Two prominent ABS research teams tackled the credit card sector last week as Lehman Brothers touted Discover Bank's ABS as a refuge of value after its spreads widened on reports of a corporate spinoff, and Morgan Stanley dissected various issues at credit card issuers GE Capital, Capital One Financial and the Bank of America-owned Fleet trust.
Last month, Morgan Stanley announced it would pursue a Discover credit card unit spinoff, prompting Moody's Investors Service to place 49 of Discover's bonds on review for a downgrade. As a result, spreads on Discover's triple-A rated paper widened 10 to 12 basis points, according to Lehman's calculations. With the notes at those soft spread levels, Lehman says it is time for investors to jump in. "We believe the significant spread widening on Discover credit-card ABS is unwarranted. Spreads should remain soft in the near term due to uncertainty, but investors should look to buy on weakness," Lehman said in a report.
Lehman pointed out that Discover has the capabilities to support its ABS with any additional credit enhancement Moody's may require. "We expect Discover Bank to take steps, if needed, to remedy the negative ratings situation by increasing credit enhancement levels within the trust," Lehman writes. One way Discover could do this is by setting up a reserve account to trap excess spread, an option that Lehman sees as feasible for Discover. The company will also become an attractive acquisition target when and if the spinoff is completed and a takeover by a more highly-rated entity would decrease the company's seller-servicer risk and alleviate the enhancement issues.
Morgan Stanley also offered its perspective on credit card issuers Capital One, GE Capital and Fleet. According to Morgan Stanley, the pricing on GE's recent series 2005-1 deal "demonstrates investors perception of GE as a strong corporate parent." The deal's triple-A and triple-B tranches priced only one basis point outside of the most recent American Express deal. the fact that GE can price a deal so close to Am Ex shows demand for GE credit card paper is increasing, Morgan Stanley analysts added.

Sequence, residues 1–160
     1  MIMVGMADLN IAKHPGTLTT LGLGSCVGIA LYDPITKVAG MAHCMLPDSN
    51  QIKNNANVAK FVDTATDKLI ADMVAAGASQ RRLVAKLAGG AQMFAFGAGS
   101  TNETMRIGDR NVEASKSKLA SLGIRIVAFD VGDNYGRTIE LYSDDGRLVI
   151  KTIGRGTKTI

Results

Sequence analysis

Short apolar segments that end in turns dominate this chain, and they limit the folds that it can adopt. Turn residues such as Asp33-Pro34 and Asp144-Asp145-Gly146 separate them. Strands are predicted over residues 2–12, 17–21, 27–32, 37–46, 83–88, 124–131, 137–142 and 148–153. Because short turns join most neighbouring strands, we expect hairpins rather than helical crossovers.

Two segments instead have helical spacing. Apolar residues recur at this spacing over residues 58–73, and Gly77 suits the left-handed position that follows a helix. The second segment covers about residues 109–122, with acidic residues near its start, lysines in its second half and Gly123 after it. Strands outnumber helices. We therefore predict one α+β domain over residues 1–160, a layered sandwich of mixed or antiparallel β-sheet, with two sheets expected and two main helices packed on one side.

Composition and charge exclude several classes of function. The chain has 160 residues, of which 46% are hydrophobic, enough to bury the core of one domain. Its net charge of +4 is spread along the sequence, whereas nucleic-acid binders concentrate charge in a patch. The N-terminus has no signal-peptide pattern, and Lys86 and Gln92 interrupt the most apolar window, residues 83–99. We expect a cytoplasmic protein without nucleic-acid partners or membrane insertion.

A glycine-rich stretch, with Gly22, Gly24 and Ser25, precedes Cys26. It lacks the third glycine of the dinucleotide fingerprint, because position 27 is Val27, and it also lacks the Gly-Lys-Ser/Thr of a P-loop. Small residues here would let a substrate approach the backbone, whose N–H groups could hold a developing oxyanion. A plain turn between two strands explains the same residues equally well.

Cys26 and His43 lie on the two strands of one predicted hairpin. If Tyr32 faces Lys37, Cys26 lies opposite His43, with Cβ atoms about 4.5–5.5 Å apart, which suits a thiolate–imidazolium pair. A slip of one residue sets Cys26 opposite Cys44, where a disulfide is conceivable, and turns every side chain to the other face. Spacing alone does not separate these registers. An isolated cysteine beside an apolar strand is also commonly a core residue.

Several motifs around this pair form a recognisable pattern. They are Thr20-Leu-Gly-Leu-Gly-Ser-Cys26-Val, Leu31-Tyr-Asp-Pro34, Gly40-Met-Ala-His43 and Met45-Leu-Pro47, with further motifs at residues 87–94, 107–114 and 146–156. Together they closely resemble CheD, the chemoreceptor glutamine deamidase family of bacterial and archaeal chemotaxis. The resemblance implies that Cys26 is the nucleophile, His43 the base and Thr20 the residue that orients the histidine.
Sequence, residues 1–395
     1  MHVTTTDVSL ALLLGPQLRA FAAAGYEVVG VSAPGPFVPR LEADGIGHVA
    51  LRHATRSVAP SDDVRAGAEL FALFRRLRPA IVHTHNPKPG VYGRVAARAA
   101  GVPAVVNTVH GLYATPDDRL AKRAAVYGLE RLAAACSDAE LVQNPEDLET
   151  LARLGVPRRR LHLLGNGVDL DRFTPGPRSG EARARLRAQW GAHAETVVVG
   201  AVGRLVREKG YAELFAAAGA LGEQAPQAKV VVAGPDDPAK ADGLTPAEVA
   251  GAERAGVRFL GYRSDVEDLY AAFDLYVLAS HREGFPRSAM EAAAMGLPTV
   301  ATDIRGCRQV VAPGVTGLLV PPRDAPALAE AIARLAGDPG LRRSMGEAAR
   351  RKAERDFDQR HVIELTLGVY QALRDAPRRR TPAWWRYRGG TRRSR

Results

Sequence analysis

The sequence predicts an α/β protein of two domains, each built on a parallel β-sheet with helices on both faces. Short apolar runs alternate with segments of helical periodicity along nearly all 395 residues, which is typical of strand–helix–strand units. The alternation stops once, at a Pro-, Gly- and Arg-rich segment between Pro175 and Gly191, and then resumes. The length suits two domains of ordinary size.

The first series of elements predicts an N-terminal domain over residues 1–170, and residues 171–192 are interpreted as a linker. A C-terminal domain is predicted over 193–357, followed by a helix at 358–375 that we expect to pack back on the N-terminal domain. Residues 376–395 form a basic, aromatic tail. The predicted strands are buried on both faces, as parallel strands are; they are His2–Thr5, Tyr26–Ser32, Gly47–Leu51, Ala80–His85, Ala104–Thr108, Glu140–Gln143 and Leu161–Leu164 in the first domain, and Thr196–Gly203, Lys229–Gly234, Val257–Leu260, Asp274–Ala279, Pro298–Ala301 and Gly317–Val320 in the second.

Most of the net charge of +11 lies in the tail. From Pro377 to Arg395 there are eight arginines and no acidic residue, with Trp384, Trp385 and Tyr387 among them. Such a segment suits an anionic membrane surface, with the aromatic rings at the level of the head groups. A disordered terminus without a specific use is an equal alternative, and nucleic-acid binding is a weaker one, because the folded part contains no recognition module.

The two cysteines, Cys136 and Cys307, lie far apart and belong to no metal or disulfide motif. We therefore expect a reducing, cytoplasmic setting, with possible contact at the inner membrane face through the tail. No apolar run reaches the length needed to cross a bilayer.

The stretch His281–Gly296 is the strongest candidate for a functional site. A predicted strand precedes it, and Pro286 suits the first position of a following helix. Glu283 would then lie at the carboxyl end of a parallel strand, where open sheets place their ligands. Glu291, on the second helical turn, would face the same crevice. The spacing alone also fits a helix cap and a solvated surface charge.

New home equity issuance is expected from Capital One after the former monoline credit card company acquired New Orleans-based retail bank Hibernia Corp. in March. The Hibernia acquisition has allowed Capital One to diversify its holdings into new products and given it a "more bank-like profile," as Hibernia had a $15.7 billion loan portfolio at the time of its acquisition. Though Morgan Stanley projects more home equity issuance, some researchers have said Capital One's need to securitize its credit card portfolio may decrease as a result of the increased access to funding (see ASR 3/14/05). Morgan Stanley did not comment on its projections for Capital One's credit card issuance.
Finally, Morgan Stanley wrapped up its credit card issuer review with a brief look at the future of Fleet ABS, noting that BofA, which acquired Fleet last year, stopped adding receivables to the Fleet trust after the merger. Citing Fitch Ratings analysis, Morgan Stanley said gross chargeoffs spiked this month due to a declining receivables balance, however, losses did decline slightly during this period. Morgan Stanley said it does not believe BofA will add receivables to the Fleet trust, but that it will monitor the trusts performance in order to prevent a trigger or an early amortization event.
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